Asking the right question

Image: Joaquim Alves Gaspar and Tony Wills/Wikimedia Commons.

Image: Joaquim Alves Gaspar and Tony Wills/Wikimedia Commons.

Often answers to the simplest ques­tions are the most insight­ful. Take for instance the per­fectly reas­on­able query, ‘why are there so many kinds of plants?’. This fas­cin­at­ing ques­tion is pondered by Professor Fred Essig (University of South Florida, USA) in his guest blog entry at Biology Online, a site that claims to provide answers to all your bio­logy ques­tions. I won’t give away the answer, but tak­ing a niche-based approach Essig provides a thought­ful response that can be used by all should the same ques­tion come up in your own teach­ing. Cheers, Fred!

[However, one still can’t help won­der­ing if 10,000 spe­cies of grass is too many… espe­cially as they all look the same (or so my stu­dents tell me…) – Ed.]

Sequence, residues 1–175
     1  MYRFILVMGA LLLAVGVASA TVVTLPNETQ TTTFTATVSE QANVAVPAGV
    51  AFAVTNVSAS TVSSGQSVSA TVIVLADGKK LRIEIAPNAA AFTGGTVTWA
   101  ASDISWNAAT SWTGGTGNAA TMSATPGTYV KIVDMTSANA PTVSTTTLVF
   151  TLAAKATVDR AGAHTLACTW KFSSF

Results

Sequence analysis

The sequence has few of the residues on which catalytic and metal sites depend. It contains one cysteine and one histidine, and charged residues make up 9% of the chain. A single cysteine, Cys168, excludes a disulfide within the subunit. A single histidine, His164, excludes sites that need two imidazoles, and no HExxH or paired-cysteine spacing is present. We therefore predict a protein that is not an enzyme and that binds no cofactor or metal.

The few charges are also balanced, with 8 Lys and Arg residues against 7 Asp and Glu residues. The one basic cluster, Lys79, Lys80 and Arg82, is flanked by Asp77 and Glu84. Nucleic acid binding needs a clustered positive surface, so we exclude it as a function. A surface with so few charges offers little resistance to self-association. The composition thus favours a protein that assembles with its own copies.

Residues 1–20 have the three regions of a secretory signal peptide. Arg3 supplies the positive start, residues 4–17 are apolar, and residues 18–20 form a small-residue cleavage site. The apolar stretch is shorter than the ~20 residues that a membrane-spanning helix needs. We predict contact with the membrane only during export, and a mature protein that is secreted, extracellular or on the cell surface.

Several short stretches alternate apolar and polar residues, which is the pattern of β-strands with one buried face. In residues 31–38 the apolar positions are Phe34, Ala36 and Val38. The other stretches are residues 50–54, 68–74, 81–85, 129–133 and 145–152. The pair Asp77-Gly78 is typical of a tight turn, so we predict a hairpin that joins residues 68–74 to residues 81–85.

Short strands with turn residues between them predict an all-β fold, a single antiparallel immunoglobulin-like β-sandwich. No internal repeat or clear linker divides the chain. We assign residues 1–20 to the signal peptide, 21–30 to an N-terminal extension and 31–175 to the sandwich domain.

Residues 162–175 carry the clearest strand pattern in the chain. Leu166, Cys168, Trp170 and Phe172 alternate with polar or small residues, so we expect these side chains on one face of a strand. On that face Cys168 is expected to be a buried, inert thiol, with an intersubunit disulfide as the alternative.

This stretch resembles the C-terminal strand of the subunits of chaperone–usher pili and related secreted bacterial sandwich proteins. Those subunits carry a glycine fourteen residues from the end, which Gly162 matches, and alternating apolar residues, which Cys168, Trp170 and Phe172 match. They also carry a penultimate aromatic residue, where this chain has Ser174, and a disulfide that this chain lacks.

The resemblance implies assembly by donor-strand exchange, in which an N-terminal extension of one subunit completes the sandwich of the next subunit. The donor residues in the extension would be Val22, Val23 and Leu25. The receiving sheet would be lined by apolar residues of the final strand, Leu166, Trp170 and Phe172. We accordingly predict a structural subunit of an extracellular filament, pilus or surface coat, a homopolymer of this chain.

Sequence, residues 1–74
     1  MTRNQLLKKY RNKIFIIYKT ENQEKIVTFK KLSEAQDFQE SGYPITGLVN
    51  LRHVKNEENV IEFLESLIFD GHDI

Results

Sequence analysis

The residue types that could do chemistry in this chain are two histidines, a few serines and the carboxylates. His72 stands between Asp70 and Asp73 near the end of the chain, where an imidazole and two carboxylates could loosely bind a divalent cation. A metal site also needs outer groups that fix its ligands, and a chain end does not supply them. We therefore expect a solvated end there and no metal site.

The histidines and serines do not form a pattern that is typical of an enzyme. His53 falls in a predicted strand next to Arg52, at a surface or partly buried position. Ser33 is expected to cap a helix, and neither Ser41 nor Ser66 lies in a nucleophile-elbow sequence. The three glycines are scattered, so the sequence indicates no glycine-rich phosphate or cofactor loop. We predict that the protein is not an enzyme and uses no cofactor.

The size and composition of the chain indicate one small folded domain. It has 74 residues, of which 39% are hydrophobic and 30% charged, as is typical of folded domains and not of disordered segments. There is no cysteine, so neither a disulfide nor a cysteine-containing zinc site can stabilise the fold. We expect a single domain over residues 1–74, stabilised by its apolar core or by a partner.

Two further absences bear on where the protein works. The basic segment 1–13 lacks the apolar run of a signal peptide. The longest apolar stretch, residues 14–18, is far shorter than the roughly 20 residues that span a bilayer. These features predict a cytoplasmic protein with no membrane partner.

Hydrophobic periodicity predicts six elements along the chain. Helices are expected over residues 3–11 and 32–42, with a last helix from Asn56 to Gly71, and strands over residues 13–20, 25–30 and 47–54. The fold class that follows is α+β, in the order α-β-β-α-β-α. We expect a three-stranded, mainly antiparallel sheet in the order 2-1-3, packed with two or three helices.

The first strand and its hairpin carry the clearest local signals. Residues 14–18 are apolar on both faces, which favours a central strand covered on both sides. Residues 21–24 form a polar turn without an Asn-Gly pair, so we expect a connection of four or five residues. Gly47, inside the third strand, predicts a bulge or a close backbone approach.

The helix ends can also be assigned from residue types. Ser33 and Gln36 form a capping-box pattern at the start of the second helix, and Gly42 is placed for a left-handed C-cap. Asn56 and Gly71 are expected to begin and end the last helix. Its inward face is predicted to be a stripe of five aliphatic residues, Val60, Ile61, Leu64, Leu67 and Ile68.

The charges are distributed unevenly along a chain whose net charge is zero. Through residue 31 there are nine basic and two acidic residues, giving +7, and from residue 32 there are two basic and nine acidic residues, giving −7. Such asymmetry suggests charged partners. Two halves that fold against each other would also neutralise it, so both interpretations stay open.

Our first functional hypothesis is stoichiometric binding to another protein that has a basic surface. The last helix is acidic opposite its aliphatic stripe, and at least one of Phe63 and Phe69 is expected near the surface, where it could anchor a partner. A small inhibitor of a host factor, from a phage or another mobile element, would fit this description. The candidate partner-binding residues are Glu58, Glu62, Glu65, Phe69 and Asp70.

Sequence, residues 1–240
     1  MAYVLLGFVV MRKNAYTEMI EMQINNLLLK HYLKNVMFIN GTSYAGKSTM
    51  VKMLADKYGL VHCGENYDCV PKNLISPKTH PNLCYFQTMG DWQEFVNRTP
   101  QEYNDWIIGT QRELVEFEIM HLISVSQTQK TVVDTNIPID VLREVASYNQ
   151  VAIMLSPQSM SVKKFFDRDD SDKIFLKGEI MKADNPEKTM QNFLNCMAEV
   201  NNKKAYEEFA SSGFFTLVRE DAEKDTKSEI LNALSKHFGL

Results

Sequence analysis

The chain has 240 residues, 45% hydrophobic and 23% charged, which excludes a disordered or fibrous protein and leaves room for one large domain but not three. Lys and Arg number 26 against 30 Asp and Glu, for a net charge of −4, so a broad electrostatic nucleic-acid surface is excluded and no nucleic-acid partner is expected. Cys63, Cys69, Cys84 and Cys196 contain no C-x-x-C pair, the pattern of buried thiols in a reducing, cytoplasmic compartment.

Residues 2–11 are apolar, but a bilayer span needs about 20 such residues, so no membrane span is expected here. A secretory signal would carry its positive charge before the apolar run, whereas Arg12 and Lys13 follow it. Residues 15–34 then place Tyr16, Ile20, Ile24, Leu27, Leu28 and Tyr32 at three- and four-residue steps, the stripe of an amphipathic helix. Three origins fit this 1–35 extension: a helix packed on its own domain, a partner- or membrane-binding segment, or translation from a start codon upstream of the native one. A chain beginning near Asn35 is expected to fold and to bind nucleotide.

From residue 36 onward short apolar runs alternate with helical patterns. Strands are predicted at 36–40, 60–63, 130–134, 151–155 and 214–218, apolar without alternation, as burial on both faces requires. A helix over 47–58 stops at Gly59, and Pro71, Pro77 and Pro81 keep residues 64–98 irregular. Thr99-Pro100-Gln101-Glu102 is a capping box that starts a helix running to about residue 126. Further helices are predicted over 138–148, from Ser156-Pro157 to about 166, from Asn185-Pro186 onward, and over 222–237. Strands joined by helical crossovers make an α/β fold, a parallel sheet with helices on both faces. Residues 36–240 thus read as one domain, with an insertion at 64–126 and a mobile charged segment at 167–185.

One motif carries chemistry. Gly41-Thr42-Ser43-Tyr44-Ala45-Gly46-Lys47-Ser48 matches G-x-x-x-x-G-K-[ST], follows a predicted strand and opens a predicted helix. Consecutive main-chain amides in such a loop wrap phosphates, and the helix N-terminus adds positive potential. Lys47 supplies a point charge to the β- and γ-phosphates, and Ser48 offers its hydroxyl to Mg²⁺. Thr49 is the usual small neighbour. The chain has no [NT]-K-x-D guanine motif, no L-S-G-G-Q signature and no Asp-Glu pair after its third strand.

Nigel Chaffey. ORCID 0000-0002-4231-9082

Nigel is a botanist and full-time academic at Bath Spa University (Bath, near Bristol, UK). As News Editor for the Annals of Botany he contributes the monthly Plant Cuttings column to that august international botanical organ. His main goal is to inform (hopefully, in an educational, and entertaining way...) about plants and plant-people interactions.

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